Justice Roberts blocks Sen. Paul from naming whistleblower, source says – and Paul may force the issue

Chief Justice of the United States John Roberts blocked Kentucky Republican Sen. Rand Paul from posing a question during the Senate impeachment trial Wednesday that would have named the alleged whistleblower at the center of the case, Fox News is told — and Paul may try to force the issue during the question-and-answer session that begins Thursday afternoon.

Roberts, for now, has ball control because he actually receives the questions in note cards from senators, then reads the question aloud in the Senate chamber to be answered by either House Democratic managers or Trump's defense team. But Fox News has learned Roberts may soon lose his grip on the proceedings amid a torrent of criticism both inside and outside the Senate.

The Federalist co-founder Sean Davis condemned what he called Roberts' "arbitrary and unilateral censorship of senators and Senate business," and reported that Roberts had initially sought to block even general questions of the intelligence community whistleblower. When Republicans threatened a vote rebuking and overriding Roberts, Davis reported, Roberts backed down and decided only to prohibit mentioning the whistleblower's name.

A reporter for Roll Call observed that during a break in the trial Wednesday, Paul was fuming.

"I don't want to have to stand up to try and fight for recognition," Paul shouted, according to reporter Niels Lesniewski, who noted that Paul's complaint was "audible from the galleries above the chamber."

"If I have to fight for recognition, I will," Paul said.

Asked by Fox News whether Paul, who has long raised concerns about possible intelligence community overreach, would press the issue during the upcoming question period, a spokesman for the senator told Fox News only, "tbd" -- short for "to be determined." Last year, Paul was vocal about wanting testimony from the whistleblower on the record, as inconsistencies emerged in the whistleblower's claims.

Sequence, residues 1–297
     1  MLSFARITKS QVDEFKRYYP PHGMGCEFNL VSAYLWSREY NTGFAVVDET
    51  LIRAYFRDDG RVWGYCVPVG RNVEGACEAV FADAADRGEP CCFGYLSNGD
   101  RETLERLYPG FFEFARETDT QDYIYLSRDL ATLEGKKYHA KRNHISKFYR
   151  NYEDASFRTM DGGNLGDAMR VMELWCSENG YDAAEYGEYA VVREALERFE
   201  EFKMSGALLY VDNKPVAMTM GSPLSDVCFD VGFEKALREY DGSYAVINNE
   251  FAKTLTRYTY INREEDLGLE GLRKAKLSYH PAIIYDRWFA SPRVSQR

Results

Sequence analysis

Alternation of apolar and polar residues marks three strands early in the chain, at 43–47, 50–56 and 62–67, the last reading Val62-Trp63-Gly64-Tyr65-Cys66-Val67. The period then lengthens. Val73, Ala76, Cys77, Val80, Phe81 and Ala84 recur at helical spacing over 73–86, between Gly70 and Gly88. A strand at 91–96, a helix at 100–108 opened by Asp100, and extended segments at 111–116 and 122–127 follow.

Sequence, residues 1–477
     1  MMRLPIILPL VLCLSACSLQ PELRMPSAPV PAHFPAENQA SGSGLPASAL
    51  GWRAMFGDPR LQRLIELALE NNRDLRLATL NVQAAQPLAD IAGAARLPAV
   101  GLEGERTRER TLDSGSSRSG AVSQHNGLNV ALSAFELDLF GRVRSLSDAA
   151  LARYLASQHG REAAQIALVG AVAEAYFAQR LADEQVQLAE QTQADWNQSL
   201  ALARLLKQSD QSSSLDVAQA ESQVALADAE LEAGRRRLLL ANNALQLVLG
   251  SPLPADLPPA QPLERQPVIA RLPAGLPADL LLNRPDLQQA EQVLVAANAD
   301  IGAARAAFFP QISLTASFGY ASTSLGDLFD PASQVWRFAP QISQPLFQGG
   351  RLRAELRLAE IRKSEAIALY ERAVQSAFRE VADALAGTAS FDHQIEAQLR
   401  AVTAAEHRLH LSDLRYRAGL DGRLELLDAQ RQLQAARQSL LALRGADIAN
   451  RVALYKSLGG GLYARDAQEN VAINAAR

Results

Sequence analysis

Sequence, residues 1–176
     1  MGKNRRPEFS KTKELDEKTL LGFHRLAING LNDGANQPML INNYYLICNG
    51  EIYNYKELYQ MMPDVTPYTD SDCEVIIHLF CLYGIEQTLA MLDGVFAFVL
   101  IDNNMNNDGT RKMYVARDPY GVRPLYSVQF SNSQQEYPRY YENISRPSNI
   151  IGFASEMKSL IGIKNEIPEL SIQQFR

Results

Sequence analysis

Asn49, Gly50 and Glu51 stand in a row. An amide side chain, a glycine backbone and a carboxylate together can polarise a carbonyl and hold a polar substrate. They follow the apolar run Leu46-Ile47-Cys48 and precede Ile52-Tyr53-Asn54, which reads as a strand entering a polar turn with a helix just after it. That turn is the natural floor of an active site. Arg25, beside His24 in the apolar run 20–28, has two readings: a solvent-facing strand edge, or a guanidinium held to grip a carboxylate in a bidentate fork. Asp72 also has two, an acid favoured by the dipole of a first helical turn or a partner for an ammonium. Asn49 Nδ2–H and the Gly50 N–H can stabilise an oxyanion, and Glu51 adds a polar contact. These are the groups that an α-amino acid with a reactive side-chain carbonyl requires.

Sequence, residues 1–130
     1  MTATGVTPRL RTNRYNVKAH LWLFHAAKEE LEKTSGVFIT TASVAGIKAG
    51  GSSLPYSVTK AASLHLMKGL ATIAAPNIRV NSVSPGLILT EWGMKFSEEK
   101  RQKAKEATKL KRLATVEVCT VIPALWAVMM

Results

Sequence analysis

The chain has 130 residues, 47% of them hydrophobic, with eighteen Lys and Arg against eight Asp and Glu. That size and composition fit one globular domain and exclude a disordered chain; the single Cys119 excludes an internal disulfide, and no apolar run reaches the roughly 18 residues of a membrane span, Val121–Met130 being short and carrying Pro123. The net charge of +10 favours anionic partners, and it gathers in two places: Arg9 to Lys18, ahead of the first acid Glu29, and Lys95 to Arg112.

"If I have to fight for recognition, I will."

— Kentucky GOP Rep. Rand Paul

Roberts, under the Constitution, presides over the impeachment trial. But the precise contours of his authority are not clearly established, and remain up for debate; Democrats have even said they will attempt a long-shot motion to give Roberts the unprecedented power to approve or reject witnesses, for example.


Federal law protects whistleblowers only from retaliation in the workplace, and does not ensure their anonymity; and Republicans have disputed whether this particular whistleblower would even qualify for those limited protections, saying his complaint concerns a policy dispute and does not allege criminal or civil wrongdoing by the president.

Republicans have sought more information on the whistleblower ever since the intelligence community's internal watchdog found several indicators that the person might have a political bias. Fox News has previously reported the whistleblower is a registered Democrat and had a prior work history with a senior Democrat running for president. Additionally, the whistleblower faces an ICIG complaint for allegedly violating federal law by raising money ostensibly to pay for his legal fees, including money that could be coming from from foreign sources.

The whistleblower's attorney, Mark Zaid, openly admitted back in 2017 that a "coup" had started against the president from within the administration, and that CNN's coverage would play a "key role" in the effort.

He also openly solicited intelligence community members to help impeach and "get rid" of Trump, years before Trump's call with Urkaine's leader that triggered the current impeachment proceedings.

Additionally, Zaid acknowledged that the whistleblower had contact with a prominent Democratic presidential contender, amid reporters that he had served closely with Joe Biden when he was vice president. Trump's alleged pressure on Ukraine to investigate Biden is at the center of the current probe.

Conspicuously, Democrats' lead House impeachment manager Rep. Adam Schiff, D-Calif., has made public inconsistent statements concerning the House Intelligence Committee's contacts with the whistleblower. Schiff first denied that his panel had such contact, then reversed course and admitted that members of the committee had spoken to the whistleblower.


It could be, Republicans have asserted, that the whistleblower coordinated his complaint with Schiff's panel for partisan reasons -- a disclosure that, if true, would likely undermine the credibility of the impeachment proceedings and possibly expose Schiff to his own "abuse of power" allegations. Thus far, the impeachment effort has arguably been elevated in importance from normal partisan bickering in part by the gravitas afforded to the supposedly well-meaning whistleblower at the center of the case.